Pear-Tent caterpillar

Forest caterpillar (Malacosoma disstria)
Western tent caterpillar (Malacosoma californica)

Pest description and crop damage The western tent caterpillar and the forest caterpillar are the main tent caterpillar pests in the PNW. These insects attack a wide variety of plants, including alder, ash, birch, cottonwood, and willow, as well as fruit trees and roses. The adult moths are stout-bodied, light to darker brown, and are active in early to midsummer. They are attracted to lights at night.

Larvae of the forest tent caterpillar are about two inches in length, blue, with black spattered markings as well as white, footprint-shape marks. Larvae of the western tent caterpillar are hairy, dull yellow-brown, with rows of blue and orange spots on the body. Eggs of these moths are laid on twigs or buildings in masses. These masses are brown to gray, about 0.7 inch in length, and look like a brown foam case.

The larvae of both species feed in large groups on foliage of host plants and can do significant damage by defoliation. Larvae of western tent caterpillars build large silken tents over leaves on which they feed. Larvae of forest tent caterpillars build mats of webbing rather than tents. Larvae can totally defoliate small trees, which may not kill them but reduces growth and makes the trees more susceptible to diseases or harsh weather. Healthy trees usually will grow new leaves by midsummer. Tent caterpillars rarely cause enough damage in commercial pear orchards to warrant treatment.

Biology and life history The moths overwinter as egg masses on twigs or buildings. The eggs hatch in spring as buds break in April or May. The young larvae feed in groups for five to six weeks, growing larger and molting four times. As they mature, they split into smaller groups and move to new feeding sites in the tree. The larvae pupate starting in mid-June, and the adults emerge seven to ten days later. The adults mate, and lay overwintering eggs. There is one generation per year.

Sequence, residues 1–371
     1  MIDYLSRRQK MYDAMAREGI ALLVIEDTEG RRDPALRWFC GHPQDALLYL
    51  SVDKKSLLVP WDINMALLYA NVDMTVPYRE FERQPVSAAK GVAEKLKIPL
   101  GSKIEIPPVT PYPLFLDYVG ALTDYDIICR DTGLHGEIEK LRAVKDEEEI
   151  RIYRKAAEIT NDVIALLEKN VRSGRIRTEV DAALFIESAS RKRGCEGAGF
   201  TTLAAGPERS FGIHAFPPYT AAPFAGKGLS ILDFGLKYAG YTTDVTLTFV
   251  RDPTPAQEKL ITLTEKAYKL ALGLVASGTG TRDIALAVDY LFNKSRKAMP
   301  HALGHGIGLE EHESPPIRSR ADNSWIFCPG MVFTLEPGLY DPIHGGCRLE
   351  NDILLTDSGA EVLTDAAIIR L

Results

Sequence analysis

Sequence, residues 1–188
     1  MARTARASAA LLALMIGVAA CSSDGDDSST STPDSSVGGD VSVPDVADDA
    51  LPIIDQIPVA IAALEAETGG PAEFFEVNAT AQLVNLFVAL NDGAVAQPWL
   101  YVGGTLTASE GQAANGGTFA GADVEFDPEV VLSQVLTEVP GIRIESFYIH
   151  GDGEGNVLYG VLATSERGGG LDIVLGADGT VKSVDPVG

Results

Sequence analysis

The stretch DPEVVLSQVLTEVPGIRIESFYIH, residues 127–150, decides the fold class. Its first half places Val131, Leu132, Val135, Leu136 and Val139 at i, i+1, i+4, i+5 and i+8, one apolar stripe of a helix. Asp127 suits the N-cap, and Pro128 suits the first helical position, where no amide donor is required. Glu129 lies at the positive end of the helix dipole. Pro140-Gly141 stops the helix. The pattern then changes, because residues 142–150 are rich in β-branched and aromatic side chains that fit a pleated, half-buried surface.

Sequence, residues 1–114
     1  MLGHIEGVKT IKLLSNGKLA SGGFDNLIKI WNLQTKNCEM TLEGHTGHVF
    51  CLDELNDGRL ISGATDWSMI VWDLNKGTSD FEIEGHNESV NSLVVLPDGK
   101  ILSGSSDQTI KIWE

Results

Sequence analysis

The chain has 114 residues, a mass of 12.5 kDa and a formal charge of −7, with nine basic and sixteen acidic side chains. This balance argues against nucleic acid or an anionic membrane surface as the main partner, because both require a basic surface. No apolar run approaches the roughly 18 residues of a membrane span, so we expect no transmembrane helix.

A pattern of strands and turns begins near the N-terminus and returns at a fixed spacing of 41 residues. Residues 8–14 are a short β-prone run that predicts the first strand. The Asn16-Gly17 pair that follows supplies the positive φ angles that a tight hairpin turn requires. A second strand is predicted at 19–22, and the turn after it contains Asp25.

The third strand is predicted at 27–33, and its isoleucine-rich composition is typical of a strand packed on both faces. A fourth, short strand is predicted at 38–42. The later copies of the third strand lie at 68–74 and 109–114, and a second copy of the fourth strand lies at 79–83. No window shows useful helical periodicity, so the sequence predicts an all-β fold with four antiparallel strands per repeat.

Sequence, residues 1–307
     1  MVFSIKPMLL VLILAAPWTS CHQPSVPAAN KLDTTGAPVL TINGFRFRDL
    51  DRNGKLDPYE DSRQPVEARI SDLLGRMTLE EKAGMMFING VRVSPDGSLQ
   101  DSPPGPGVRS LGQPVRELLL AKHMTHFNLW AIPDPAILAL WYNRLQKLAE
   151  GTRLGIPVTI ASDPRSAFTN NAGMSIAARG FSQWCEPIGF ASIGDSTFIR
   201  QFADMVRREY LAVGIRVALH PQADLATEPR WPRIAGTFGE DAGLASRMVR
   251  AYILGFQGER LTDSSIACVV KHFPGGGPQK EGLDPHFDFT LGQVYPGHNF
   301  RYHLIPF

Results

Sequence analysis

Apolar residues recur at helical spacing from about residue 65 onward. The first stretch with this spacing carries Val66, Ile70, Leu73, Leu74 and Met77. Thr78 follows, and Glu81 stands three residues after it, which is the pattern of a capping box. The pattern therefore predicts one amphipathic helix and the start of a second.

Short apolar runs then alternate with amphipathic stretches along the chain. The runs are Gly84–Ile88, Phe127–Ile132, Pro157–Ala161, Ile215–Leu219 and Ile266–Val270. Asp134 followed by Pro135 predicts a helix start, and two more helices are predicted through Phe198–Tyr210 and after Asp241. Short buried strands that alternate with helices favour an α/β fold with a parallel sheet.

Pest monitoring Look for egg masses on twigs or other overwintering sites, and remove them. Masses of young larvae are identified easily in early spring.

Management-biological control

Infestations of tent caterpillars occur cyclically as populations of the caterpillars and their predators rise and fall. Tent caterpillars have many natural enemies. Some birds eat the caterpillars, and small mammals consume the pupae. The larvae of a tachinid fly parasitizes the caterpillars.

Management-cultural control

Home orchardists: Remove egg masses from twigs or other sites. Cut out infested twigs and dip in a bucket of soapy water.

Management-chemical control: HOME USE

Dormant-season spray

  • superior-type oil-Some formulations are OMRI-listed for organic use.

Growing-season spray

  • azadirachtin (neem oil)-Products containing neem extract may be phytoxic to some pear cultivars. Some formulations are OMRI-listed for organic use.
  • Bacillus thuringiensis var. kurstaki-Some formulations are OMRI-listed for organic use.
  • bifenthrin-Highly toxic to bees.
  • carbaryl-Highly toxic to bees.
  • esfenvalerate-Highly toxic to bees.
  • gamma-cyhalothrin-Highly toxic to bees.
  • insecticidal soap-Some formulations OMRI-listed for organic use.
  • kaolin-Applied as a spray to leaves, stems, and fruit, it acts as a repellant to some insect pests. Some formulations are OMRI-listed for organic use.
  • lambda-cyhalothrin-Highly toxic to bees.
  • malathion-Highly toxic to bees.
  • permethrin-Highly toxic to bees.
  • pyrethrins (often as a mix with other ingredients) -Highly toxic to bees. Some formulations are OMRI-listed for organic use.
  • spinosad-Some formulations are OMRI-listed for organic use.
  • zeta-cypermethrin-Highly toxic to bees.

Management-chemical control: COMMERCIAL USE

  • Chemical control for tent caterpillar is generally not required in commercial pear orchards.